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Honored cancer survivor encourages people to not ignore symptoms, strive for positivity

An Albert Lea woman is sharing her experiences of not just one, but three, types of cancer as one of the honored cancer survivors this year for the Freeborn County Relay for Life.

Sally Skrlin credits a positive attitude and the support of friends in helping her get through the difficult moments along her cancer journey.

“I get excited when anybody will listen to my story,” Skrlin said. “People have no idea what I went through.”

Skrlin said her first bout with cancer came in 2005 with what started as a small lump on her neck. She credited Dr. Phillip Lee at Mayo Clinic Health System in Albert Lea at the time with helping catch the cancer early.

The initial biopsy came back negative, but then a few months later, Lee asked that another CT scan be conducted and the lump removed. After some additional testing in Rochester, she was diagnosed in November of that year with Stage 1 Hodgkin’s lymphoma, or cancer of the lymph nodes.

She said it was difficult telling her parents and her daughters the diagnosis.

She underwent six months of chemotherapy, starting out with four chemo drugs. She said she lost her hair and was famous for her hair caps made by her mother.

In February 2006, she had a bad reaction to one of the drugs and ended up with blood clots in her kidneys and lungs and was in the hospital for eight days before being reduced to three medications.

After her treatment concluded in May 2006 she went back for checkups every three months for two years and then every six months for three more years.

Skrlin said she thought she was cancer-free until in June 2014, during a routine mammogram, doctors found a lump that was later diagnosed as ductal carcinoma in situ (DCIS).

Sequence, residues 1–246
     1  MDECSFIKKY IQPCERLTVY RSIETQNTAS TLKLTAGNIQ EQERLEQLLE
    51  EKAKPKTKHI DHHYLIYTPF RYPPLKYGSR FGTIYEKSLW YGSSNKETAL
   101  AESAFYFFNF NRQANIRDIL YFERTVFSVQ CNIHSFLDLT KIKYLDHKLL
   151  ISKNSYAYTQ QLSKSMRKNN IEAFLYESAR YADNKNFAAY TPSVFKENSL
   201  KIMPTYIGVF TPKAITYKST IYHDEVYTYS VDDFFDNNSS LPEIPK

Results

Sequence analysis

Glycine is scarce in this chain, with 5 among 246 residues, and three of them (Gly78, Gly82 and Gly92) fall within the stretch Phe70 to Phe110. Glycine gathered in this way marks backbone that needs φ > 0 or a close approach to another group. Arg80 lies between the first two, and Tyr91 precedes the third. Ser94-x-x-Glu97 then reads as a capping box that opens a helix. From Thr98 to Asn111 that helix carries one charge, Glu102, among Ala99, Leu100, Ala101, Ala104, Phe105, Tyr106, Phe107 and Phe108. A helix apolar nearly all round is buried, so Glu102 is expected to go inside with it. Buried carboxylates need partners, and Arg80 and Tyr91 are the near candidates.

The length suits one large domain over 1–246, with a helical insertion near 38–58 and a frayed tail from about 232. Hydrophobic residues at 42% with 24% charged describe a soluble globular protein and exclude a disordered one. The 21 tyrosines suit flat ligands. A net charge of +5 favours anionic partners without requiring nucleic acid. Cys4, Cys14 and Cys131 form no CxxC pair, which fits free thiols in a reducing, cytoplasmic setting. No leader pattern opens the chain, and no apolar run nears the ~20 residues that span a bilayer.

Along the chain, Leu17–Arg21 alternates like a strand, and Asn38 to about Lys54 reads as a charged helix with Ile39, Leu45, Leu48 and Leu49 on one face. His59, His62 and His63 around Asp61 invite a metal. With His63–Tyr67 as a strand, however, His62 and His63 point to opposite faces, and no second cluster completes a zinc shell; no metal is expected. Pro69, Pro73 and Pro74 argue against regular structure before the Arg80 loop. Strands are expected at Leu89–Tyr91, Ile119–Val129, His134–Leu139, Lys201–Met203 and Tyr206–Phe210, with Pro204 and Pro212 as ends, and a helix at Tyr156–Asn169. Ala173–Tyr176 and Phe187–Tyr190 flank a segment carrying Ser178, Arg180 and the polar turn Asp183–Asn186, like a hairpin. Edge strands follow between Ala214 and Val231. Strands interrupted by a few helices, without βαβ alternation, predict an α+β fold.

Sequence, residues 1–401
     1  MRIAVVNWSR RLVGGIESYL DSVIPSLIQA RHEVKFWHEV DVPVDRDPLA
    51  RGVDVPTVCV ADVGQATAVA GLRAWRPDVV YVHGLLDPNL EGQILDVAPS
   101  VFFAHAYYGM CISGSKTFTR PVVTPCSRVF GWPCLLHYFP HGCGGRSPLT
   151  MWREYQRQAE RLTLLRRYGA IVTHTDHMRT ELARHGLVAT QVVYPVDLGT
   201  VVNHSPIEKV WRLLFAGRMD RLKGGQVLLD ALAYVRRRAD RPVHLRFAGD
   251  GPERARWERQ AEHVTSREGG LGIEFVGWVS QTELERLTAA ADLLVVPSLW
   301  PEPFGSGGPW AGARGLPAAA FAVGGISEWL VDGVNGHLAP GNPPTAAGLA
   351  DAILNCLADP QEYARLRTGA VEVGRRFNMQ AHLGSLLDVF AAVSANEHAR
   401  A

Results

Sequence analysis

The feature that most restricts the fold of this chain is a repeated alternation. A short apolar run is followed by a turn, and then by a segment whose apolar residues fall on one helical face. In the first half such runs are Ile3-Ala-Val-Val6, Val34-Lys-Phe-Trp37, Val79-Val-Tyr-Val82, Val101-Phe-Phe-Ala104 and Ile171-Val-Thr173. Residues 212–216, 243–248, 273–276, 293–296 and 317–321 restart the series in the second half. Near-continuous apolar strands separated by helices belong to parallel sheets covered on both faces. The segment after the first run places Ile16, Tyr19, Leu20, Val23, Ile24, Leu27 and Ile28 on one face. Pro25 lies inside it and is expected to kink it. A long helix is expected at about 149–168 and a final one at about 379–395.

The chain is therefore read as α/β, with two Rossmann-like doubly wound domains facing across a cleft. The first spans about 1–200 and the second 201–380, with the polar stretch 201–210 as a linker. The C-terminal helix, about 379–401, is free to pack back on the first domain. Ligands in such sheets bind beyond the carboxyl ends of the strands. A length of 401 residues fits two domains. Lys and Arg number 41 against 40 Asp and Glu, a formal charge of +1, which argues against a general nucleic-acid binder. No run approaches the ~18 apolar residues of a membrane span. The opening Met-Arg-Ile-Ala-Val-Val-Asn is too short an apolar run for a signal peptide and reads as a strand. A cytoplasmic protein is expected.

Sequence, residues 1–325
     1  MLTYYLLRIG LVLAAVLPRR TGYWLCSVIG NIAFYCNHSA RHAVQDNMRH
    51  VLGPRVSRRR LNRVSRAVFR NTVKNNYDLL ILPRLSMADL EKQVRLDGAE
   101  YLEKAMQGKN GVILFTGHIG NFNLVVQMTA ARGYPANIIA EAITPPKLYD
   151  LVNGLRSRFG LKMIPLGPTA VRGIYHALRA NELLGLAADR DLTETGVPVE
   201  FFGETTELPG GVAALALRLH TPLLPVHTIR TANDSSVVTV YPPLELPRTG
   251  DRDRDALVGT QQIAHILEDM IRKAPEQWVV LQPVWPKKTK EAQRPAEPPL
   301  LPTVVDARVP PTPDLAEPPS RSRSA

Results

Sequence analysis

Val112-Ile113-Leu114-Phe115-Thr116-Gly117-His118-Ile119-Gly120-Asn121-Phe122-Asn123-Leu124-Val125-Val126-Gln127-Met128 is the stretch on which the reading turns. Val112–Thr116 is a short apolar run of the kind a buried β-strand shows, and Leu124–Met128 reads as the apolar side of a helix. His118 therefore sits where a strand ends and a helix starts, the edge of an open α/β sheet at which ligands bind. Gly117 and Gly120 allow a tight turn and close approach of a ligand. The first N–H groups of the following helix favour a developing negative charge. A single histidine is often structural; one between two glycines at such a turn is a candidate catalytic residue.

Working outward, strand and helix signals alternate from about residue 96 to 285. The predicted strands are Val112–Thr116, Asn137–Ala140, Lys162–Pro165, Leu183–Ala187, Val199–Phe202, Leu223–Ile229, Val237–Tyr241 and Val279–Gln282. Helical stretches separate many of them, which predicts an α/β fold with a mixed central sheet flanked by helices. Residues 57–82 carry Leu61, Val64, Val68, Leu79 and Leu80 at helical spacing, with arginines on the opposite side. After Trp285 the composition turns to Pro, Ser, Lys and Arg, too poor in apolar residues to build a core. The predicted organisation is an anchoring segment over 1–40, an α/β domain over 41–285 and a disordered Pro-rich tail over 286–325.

When she heard the diagnosis, she said she knew she had to keep a positive attitude.

“I just feel like personally I had to hit it head-on,” she said.

She had a lumpectomy and went through 20 radiation treatments at the oncology center at Mayo Clinic Health System in Albert Lea.

Radiation, she said, was easier for her than the chemotherapy, aside from the fatigue she felt when the radiation treatments were complete.

Round three with cancer came in April 2019, when she had what she describes as a “massive bladder bleed” and was ultimately diagnosed with high-grade bladder cancer.

Doctors initially thought it was low-grade bladder cancer, but later found out it was worse.

She underwent two surgeries to remove the tumor and also went through immunotherapy called Bacillus Calmette-Guerin treatment, which is meant to prompt the immune system into attacking cancer cells.

She said she fought to have that at the Albert Lea hospital and was the first one to be able to do so. Those treatments lasted once a week for six weeks.

Now, she returns to Rochester every three months to have her bladder checked with a scope — she said there’s a 50% chance of it reoccurring.

Through all of her experiences, Skrlin said she urges people to not ignore their cancer symptoms.

“If you question it, see someone about it,” she said.

There was also no history of cancer within her family, and doctors have told her that her cancers are not related.

Throughout the years, Skrlin has been on the committee for the Lloyd and Ardis Peterson Cancer Symposium through the Albert Lea clinic, and her mother got involved with raising money for the Relay for Life.

“I just think that people sharing their stories makes other people aware,” she said. “I’m a survivor — three times and three different situations.”

She encourages people to check in on their friends with cancer and said she was appreciative of her friends who called to check in on her or who stopped by.

“Don’t be afraid to call and ask how they’re doing,” she said.

Skrlin is a retired medical technologist in the lab at Mayo Clinic Health System in Albert Lea and retired in March 2016. Her husband, Dave, is a retired custodian with the Albert Lea school district.

They have two daughters and have two grandchildren.

 

If you go

What: Freeborn County Relay for Life

When: 7 to 9:30 p.m. Saturday

Where: Edgewater Park, 1600 Edgewater Drive, Albert Lea

More info: Because of COVID-19, this year’s event will be limited to a drive-thru luminaria event